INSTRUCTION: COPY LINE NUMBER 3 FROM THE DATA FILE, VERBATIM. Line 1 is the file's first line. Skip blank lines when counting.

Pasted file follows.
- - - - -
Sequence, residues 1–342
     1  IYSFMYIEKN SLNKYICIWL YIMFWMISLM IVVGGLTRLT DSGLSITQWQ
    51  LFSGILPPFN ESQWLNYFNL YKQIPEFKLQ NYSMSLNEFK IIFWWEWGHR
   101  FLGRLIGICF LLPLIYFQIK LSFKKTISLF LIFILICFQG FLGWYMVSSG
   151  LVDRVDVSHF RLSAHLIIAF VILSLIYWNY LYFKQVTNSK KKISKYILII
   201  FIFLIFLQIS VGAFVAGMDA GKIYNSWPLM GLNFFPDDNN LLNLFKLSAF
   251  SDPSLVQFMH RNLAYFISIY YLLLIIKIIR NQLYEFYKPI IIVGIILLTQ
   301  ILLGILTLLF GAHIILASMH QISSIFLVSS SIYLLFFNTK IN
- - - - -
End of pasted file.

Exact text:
    51  LFSGILPPFN ESQWLNYFNL YKQIPEFKLQ NYSMSLNEFK IIFWWEWGHR